T. P. McLean
Since the 1930s there have been many fine New Zealand sports reporters and writers. One name stands out. Terence Power ('T. P.') McLean was knighted for his services to sports journalism in 1996 – the only New Zealand sports writer thus honoured. McLean also received the International Rugby Board (IRB) Chairman's Award in 2001. Prizes at the annual New Zealand Sports Journalists Association awards dinners are called 'TP's in his memory.
Never stopped chasing
T. P. McLean always said that a journalist had to be curious, accurate and ‘have a good pair of legs … Get out and chase stories. Don’t sit around waiting for them to come to you.’1 Only days before his death in 2004, aged 90, he submitted a piece to the New Zealand Herald. It was rejected, but he was still trying to 'get the story.'
McLean was prolific in his written outpourings for over 70 years. He wrote 21 books on sports, mostly rugby, and contributed hugely on all sports at one time or another. He filed millions of elegant and discerning words for the New Zealand Herald. Another important writer who worked with McLean at the Herald was the cricket correspondent Don Cameron.
Dick Brittenden and Alex Veysey
Along with McLean, two other sports reporters of the post-war decades constituted a famous troika. In Wellington Alex Veysey ranged between rugby and cricket and penned the most popular New Zealand sports book up to that time, a biography of Colin Meads. In Christchurch the pre-eminent writer was Dick Brittenden, who modelled his style on the great English cricket writer Neville Cardus. Don Cameron noted that both men wrote with humour and wit, but ‘there were echoes of Beethoven when Brittenden was in his best form … [Veysey] spread a mood of blues or jazz among his words.’2 Brittenden was part of a fine team at the Press which also included John Brooks, Ray Cairns, Kevin Tutty, John Coffey, Kevin McMenamin, Bob Scumacher and Tim Dunbar.
Kevin Tutty began his sports-writing career in Ashburton in 1968. He would write up games furiously, then rush five blocks down to the railway station by 6 p.m. to put the stories on the Invercargill to Christchurch train. The night messenger at the Press would have to go to the station to pick them up.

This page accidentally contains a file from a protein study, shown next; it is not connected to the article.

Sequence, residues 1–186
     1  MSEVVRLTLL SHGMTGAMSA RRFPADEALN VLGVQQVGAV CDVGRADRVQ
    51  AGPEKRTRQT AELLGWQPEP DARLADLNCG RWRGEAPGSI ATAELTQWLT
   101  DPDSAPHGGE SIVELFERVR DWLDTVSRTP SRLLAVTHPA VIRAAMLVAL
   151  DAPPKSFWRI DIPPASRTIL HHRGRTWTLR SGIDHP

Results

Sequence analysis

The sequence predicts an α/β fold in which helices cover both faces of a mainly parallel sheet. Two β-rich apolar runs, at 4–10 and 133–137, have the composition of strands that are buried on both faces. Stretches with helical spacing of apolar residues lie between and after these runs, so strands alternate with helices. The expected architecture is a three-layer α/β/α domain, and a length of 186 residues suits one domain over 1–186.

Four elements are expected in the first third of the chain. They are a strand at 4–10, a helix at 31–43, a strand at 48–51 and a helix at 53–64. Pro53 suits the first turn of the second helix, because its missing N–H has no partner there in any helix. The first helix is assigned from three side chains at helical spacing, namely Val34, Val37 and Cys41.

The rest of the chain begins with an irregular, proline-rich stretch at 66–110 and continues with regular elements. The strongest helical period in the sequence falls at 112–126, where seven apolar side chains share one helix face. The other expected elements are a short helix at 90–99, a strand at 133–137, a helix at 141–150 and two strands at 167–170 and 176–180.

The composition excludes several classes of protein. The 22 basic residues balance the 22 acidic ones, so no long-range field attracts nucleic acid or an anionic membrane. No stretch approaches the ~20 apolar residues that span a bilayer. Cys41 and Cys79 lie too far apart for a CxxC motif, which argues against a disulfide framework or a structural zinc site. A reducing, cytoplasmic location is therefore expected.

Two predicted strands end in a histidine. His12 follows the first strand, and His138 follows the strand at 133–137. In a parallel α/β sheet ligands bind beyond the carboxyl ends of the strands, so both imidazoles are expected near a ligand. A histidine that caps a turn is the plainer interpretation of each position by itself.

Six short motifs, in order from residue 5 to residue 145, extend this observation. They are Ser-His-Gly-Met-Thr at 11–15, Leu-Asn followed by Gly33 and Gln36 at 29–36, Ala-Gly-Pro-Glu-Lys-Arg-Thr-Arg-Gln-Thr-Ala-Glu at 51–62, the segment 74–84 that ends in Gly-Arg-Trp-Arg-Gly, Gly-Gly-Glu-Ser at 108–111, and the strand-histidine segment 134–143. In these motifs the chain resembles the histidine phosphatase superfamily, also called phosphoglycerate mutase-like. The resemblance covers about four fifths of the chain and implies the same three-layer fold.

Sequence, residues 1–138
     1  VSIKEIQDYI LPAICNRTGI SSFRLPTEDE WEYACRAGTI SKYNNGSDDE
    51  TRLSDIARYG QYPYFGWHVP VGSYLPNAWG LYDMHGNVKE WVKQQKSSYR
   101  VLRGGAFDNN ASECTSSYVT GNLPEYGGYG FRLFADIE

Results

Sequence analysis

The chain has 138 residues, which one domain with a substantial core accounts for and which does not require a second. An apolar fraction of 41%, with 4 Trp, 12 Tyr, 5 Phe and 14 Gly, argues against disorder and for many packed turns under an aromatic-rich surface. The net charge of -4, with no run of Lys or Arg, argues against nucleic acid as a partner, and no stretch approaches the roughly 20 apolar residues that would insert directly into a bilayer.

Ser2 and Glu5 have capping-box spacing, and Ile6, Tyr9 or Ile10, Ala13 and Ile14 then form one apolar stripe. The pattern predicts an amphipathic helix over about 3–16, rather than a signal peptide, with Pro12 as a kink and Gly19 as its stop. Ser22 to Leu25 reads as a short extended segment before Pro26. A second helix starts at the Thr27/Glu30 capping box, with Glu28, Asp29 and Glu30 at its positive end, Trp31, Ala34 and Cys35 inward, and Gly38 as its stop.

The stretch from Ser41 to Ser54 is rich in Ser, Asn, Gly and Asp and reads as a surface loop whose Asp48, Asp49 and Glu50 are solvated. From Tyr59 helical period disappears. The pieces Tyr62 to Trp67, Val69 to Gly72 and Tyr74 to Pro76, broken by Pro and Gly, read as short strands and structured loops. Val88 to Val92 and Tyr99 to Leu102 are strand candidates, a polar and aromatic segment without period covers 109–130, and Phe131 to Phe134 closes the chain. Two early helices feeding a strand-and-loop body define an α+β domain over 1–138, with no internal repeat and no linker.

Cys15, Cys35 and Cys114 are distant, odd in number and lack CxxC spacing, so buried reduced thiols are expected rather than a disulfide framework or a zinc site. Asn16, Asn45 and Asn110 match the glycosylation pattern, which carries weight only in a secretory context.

Like many newspaper reporters, these writers often turned their newspaper accounts of tours into books. From 1949, when Graham Beamish wrote a book on the All Black tour of South Africa, every long tour in the major sports was retold in book form, until such tours ceased in the 1990s.
Sports reporters also established specialised publications. Brian O’Brien edited the monthly Sports Digest for 30 years from 1949; Bob Howitt served for over 20 years as editor of Rugby News and the New Zealand Rugby Annual.
Others were highly versatile – such as Wallie Ingram who wrote about sports for many magazines and also broadcast on radio station 2ZB, or more recent writers like Richard Becht, who moved between radio and television and writing sports books. Phil Gifford provided both acute sports commentary and humour as ‘Loosehead Len’. The rise of the internet opened opportunities for writers like Marc Hinton, Duncan Johnstone, Richard Boock and Trevor McKewen to move between newspapers and online sites.
Sport encourages parochial sentiments and local pride. Many writers based themselves at one city and newspaper and reported for hometown fans. They included Brent Edwards in Otago, Gary Frew in Northland, Grant Harding in Hawke’s Bay, Peter Lampp in Manawatū, Larry Saunders in Canterbury and Jim Valli in Southland.
Sports coverage in New Zealand has tended to be a man’s pursuit, but several women writers have achieved in the field. They include Dot Simons, the pioneer woman sports writer who described women’s cricket, hockey and golf for the Auckland Star; Suzanne McFadden, a fine reporter of yachting and netball; and Margot Butcher, a cricket writer and the first woman to win the Sports Journalist of the Year award.
Others have written extensively about sport from a historical or statistical perspective. They include:
- Arthur Swan, the first noted rugby historian, who, with A. H. Carman, produced the annual rugby almanacks in the 1940s and 1950s
- Clive Akers and Geoff Miller, who produced the almanacks more recently
- Rod Chester, who, with Neville McMillan and latterly the wide-ranging sports writer Ron Palenski, prepared both an encyclopedia of rugby and a biographical listing of All Blacks, Men in black
- Peter Heidenstrom, who was the country’s greatest historian and statistician of athletics
- Don Neely, the foremost cricket historian
- Norma Williams, swimming historian
- Bernie Wood, who, with John Coffey, has documented rugby league.